“It’s hard to feel Burmese if you are not Buddhist here, and harder when the military government views your faith and your tribe as subversive,” said a persecuted Christian pastor among the Chin people. Christian persecution in Myanmar has been apparent among minorities; they have long been the victims of discrimination from the government and the culture. Since the military coup of 2021, violence against Christian minorities has spiked, especially as much of the country has revolted in protest.
The civil war has displaced two million people, and killed 30,000 so far, but Christians are caught in the crossfire. Over seventy churches have been firebombed in Chin state alone, with pastors killed and Christian villages even earmarked for bombing. The most high-profile Christian prisoner is the Rev. Hkalam Samson, who was accused merely of holding a prayer meeting with members of the opposition National Unity Government. For this “act of incitement” the former head of the Kachin Baptist Convention, and who had prayed in the Whitehouse for then President Trump, was sentenced to six years in prison in 2023.
Other Christians face multiple sources of persecution, such as Muslim Background Believers among the Muslim Rohingya. This Muslim minority has been pushed out of Rakhine state since 2017 by the army with terrible atrocities, forcing half a million to flee to Bangladesh. Christians among them also face persecution from the strongly Muslim culture as well. Few Christian groups are as internationally unnoticed and friendless as the Christians of Myanmar.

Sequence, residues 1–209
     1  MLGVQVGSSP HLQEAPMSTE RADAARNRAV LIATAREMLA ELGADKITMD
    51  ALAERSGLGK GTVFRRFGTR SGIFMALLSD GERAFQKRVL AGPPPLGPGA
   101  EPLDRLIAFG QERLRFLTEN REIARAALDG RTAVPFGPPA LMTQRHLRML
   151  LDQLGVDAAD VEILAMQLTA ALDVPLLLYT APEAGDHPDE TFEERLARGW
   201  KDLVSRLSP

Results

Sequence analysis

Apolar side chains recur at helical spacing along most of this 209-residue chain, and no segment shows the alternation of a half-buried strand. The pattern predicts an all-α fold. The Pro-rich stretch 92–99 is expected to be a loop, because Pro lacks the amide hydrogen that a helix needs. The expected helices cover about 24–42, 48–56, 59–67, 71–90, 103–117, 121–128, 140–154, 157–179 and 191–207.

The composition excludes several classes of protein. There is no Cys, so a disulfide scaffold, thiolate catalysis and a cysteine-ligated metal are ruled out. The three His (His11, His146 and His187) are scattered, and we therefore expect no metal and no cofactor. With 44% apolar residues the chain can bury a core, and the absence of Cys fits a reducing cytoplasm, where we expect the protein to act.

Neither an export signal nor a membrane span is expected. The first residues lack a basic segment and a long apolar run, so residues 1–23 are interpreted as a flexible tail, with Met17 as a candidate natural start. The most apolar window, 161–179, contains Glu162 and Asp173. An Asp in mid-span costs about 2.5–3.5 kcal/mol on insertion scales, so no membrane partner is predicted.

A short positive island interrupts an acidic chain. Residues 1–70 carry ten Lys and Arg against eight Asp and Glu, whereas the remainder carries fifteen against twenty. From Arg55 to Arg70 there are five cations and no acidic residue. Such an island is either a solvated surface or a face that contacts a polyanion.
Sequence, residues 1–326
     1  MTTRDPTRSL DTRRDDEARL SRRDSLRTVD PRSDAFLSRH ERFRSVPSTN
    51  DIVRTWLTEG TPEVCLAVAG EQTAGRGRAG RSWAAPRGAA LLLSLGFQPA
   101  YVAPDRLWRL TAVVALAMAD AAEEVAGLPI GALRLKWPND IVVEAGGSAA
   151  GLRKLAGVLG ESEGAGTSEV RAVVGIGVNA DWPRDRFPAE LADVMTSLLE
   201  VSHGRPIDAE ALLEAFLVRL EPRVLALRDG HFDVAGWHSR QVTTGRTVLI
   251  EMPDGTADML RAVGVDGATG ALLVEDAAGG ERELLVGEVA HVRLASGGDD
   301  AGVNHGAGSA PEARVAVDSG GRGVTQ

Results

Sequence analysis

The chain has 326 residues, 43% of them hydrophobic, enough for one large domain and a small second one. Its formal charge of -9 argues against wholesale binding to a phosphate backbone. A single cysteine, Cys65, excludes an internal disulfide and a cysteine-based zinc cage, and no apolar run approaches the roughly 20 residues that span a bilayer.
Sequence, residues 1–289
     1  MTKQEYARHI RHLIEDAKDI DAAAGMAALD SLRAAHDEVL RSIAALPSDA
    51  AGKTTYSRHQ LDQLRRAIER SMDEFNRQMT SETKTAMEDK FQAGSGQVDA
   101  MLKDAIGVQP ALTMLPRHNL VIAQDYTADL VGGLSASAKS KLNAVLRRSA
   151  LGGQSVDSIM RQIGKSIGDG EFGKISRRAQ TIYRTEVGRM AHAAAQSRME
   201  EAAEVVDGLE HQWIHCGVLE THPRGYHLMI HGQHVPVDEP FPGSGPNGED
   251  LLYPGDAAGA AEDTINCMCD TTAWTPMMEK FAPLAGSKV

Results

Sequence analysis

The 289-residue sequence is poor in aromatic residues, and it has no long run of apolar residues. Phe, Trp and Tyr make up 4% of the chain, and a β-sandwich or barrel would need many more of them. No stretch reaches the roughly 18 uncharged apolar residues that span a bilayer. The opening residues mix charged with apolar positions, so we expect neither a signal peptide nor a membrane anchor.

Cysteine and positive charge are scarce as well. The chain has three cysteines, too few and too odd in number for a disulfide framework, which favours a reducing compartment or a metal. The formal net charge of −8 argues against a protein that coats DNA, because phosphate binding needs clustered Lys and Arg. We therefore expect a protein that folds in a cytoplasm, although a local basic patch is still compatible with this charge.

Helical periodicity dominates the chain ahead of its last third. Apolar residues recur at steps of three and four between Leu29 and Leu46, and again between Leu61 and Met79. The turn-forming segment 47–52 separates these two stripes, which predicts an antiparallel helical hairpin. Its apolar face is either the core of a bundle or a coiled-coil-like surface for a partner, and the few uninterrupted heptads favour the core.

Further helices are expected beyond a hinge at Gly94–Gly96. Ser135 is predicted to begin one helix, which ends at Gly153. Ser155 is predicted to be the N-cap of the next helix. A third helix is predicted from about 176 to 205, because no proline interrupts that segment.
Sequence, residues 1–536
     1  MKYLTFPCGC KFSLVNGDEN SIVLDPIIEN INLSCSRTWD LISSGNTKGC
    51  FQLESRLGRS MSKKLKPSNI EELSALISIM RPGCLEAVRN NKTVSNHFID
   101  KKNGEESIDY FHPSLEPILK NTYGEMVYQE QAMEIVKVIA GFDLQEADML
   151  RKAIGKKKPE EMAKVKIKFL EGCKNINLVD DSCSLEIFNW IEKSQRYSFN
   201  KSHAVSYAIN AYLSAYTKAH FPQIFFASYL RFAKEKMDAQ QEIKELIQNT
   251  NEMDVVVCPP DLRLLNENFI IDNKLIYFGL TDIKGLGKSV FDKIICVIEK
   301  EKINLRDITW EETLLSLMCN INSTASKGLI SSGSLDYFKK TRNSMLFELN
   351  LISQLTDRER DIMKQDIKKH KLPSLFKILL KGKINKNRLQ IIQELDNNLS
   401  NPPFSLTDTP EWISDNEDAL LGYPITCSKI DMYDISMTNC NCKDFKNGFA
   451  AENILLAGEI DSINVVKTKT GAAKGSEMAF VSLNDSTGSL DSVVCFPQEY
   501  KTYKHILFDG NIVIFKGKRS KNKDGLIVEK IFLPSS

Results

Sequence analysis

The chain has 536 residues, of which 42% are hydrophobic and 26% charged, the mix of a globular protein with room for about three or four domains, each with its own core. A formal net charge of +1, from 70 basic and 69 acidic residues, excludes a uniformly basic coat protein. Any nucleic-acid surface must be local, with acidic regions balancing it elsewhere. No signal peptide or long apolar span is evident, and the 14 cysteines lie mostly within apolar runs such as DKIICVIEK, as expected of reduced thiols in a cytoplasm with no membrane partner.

General Min Aung Hlaing
“We must hide in our own villages from the army, who consider Christians their enemies. The hills have not protected us like they used to, and we will have to flee our homelands in greater numbers or the slaughter will finish us.”
CHRISTIAN LEADER IN CHIN STATE
HISTORY OF CHRISTIANITY IN MYANMAR
Christians are the people of the hills in Myanmar. The country consists of a central plain dominated by its overwhelmingly Buddhist population and surrounded by hills and mountains in which live the ethnic minorities.
It is these minority groups that are the most Christianized. Despite successive Catholic missions over six centuries, it was the Protestant missionaries that gained the most traction among the hill tribes. Most famously, American Baptist missionaries Adoniram and Ann Judson came in 1813 and saw a significant turning to Christ among the Karen people, who in turn shared their faith with the Kachin. Other missionaries reached the Chin people, who are half a million in number and 85% Christian.
Roughly two thirds of Myanmar’s Christians are Protestant, and predominantly Baptist. Roman Catholics form one sixth of the total. Christians have struggled for acceptance in this staunchly Buddhist country, in which nationalism has fused with the majority religion, and so Christians are viewed as less than patriotic as a result.
Unpopular military juntas, who ruled Myanmar from 1962 to 2011, and then took power again in a coup in February 2021, frequently try to appeal to the majority by repressing the Christian minorities and even trying to impose Buddhism on them by force. Some groups, such as the Karen, formed independence resistance movements decade ago, and Christians among them are doubly targeted by the authorities.